Richard Wright had every reason to consider himself an outsider. He was born in 1908, an African American in the segregated South, and as he grew up witnessed lynchings and other manifestations of racial prejudice. In the segregated South at that time, it was commonplace for African Americans to feel themselves to be outsiders. It could be argued that as his life proceeded Wright continued to find himself, either through circumstances or his own actions and beliefs, in the position of an outsider. His childhood was deeply unsettled with his family often moving house, and at one point Wright and his brother spending time in an orphanage when his father had deserted the family and his mother was very ill. Later Wright himself spending periods being brought up by his grandmother and aunt, who were fanatically religious, and tried to stop him working on the Sabbath and forcing their religious beliefs on him which resulted, for Wright, in a life-long dread and suspicion of religion.
Wright cut all ties with the South by moving to Chicago in 1927 and getting work in the post office, while writing and reading as much as he could in his free time. In 1933 he formally became a member of the Communist Party, but often argued with its leaders and their dogmatic ideas and pronouncements. Thus, even in the Communist Party he felt himself an outsider and left the Party in 1942, having decided that the Party’s intolerance to new or different ideas was similar to the rigid religious beliefs of his grandmother and aunt.
In 1946 Wright moved to Paris and never returned to the United States. To emigrate, to become an expatriate, is perhaps the ultimate act of outsidership. In Paris he suffered virtually no racial harassment and was famous as an American writer; he was also far removed from the USA when McCarthyism began its witch hunt for former Communists and those with left-wing beliefs (which Wright continued to hold). In he decided to leave Paris for London, sick of arguments with French writers and feeling that French political policy was being changed to suit American interests. He continued until his death in Paris in 1960 to have arguments with political opponents and with fellow writers – usually on the solutions to the problems of racism in the USA and how African-Americans should be portrayed in literature.
Therefore, in Wright’s troubled and shifting life, we see a person who finds it hard to fit in and is often provoking arguments or heated discussions with other writers. How is this sense of being an outsider shown in his novel The Outsider?
Cross Damon is the obvious ‘outsider’ in the novel, but he is not the only one. Eva Blount can be considered an outsider because she is used by the Communist Party; her husband only marries her so that the Party can use her art for propaganda purposes, so she is trapped in a loveless marriage – an outsider in her own home. Bob is an outsider too because of his status as an illegal immigrant and also because the Party callously rejects him when he refuses to obey them. Indeed, the Party deals ruthlessly with anyone it considers a traitor or outsider as they shoot Cross Damon at the very end of the novel. Houston, the New York District Attorney, is an outsider because of his hunchback (a fact he often points out to Cross Damon).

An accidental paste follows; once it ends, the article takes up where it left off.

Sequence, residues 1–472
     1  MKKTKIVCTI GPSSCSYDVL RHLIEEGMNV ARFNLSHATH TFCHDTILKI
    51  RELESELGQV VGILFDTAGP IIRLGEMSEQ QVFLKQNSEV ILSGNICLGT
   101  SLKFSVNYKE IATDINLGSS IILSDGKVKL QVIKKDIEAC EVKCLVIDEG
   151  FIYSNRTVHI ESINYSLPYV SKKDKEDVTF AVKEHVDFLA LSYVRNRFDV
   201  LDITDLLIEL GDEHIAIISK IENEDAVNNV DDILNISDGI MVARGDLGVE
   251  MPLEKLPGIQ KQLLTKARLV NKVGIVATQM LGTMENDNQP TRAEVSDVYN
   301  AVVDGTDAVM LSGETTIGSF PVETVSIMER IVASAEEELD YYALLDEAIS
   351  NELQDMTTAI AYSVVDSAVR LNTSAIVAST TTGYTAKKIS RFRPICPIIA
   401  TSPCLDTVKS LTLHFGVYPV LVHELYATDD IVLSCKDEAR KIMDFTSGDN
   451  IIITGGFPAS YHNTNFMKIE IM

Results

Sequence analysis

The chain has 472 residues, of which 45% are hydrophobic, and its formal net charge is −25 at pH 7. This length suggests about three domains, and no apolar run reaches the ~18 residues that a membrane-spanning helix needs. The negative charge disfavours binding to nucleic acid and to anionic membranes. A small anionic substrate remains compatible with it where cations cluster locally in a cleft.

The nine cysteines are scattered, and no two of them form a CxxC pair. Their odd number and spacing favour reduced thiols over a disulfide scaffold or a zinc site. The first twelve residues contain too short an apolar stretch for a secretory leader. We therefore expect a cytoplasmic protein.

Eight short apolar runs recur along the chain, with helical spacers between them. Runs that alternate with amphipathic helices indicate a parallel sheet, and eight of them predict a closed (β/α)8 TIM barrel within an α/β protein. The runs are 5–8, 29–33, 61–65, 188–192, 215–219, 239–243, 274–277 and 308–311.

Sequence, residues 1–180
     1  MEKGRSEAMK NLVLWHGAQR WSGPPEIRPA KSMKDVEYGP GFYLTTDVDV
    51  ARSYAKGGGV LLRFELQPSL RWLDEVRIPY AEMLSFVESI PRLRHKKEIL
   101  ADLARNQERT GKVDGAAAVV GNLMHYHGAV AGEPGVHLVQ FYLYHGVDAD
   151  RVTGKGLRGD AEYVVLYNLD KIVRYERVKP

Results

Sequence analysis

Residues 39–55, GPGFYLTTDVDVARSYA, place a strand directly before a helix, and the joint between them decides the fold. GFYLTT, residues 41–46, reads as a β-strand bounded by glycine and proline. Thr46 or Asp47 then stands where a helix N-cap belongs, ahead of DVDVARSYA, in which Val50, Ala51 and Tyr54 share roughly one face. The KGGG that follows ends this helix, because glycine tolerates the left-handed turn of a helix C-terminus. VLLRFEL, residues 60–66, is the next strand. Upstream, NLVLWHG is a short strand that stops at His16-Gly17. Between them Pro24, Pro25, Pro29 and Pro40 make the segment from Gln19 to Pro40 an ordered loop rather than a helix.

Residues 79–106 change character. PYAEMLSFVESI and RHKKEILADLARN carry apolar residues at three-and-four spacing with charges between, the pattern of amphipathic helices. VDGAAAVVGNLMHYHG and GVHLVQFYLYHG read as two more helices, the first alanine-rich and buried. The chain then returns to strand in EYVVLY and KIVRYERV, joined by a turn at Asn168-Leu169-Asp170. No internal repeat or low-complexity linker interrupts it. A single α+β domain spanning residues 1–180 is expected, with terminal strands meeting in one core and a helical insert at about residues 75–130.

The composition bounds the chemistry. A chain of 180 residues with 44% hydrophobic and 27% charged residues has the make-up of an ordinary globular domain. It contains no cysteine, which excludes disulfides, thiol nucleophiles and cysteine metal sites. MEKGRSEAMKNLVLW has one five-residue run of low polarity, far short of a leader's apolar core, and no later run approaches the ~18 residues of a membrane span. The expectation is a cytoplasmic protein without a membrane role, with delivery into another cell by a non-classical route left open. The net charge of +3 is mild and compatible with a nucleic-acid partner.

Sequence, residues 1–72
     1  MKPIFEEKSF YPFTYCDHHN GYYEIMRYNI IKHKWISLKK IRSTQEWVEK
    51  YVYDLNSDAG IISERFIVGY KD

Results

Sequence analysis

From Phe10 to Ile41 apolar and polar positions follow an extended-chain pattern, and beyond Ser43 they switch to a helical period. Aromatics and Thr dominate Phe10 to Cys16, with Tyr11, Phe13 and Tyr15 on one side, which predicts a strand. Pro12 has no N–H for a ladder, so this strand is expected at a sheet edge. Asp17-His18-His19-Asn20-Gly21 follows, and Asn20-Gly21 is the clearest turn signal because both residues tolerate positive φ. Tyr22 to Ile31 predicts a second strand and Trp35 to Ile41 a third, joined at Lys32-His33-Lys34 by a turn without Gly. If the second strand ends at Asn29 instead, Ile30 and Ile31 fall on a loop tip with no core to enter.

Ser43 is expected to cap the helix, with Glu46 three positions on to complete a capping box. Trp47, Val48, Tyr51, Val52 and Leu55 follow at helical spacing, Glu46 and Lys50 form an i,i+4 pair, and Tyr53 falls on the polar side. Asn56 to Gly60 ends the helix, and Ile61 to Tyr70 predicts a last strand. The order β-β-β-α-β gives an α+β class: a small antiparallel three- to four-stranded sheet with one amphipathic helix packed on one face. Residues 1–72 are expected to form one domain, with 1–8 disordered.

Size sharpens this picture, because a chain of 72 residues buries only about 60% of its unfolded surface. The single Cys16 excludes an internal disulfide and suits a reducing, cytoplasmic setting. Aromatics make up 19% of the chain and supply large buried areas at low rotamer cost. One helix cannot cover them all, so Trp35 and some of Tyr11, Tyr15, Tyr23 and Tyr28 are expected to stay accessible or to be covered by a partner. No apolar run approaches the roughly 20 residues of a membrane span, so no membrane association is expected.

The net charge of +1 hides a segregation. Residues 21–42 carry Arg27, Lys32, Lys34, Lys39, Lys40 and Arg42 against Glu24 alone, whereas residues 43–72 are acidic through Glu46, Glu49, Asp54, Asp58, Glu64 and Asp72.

It could be argued that all the African-American characters in the novel are outsiders, given the racist nature of American society that Wright portrays, but Cross Damon becomes even more of an outsider by committing several murders and only avoids swifter detection because of his ‘death’ in the subway accident that ironically seems to free him at first, but actually leads to his first murder. After murdering Joe, his post office colleague in Chicago, he seems to feel no remorse for any of the subsequent crimes he commits – crimes which are necessary, in some cases, to preserve his identity. The only people he does seem to care about are Eva and, at the end of the novel, Hattie. His status as outsider is shown not only by his crimes and his subsequent harassment by the police and the Communist Party, but also by his shifting identity and all the different names he uses. What is very interesting is that Cross Damon does not see himself as an outside because of the color of his skin but for deeper, more personal reasons. He thinks to himself:
He felt keenly their sufferings and would have battled desperately for any Negro trapped in a racial conflict, but his character had been so shaped that his decisive life struggle was a personal fight for the realization of himself. (Wright 195)
Himself? He is struggling to find his identity as a man, not as an African American man, and Wright suggest that this is a dilemma that any man, of any color can face when he has lost his belief in everything else. Houston, The DA, comes close to guessing that Cross Damon is the murderer and describes the (at that point in the novel) unknown murderer of Blount and Hernden to Cross:
He kills ’em, and with no more compunction than if he were killing flies... That man who kills like that is a bleak and tragic man. He is the Twentieth Century writ small...this man must feel that he knows what’s right. Then, all at once, he sees something that violates that sense of right and he strikes out to set it as it ought to be. (Wright 379)
The Outsider portrays Cross Damon as an outsider because of his color and his crimes, but also because his lack of faith in any ideology.
Wright, Richard. The Outsider. 1953. New York: Harper Collins. Print.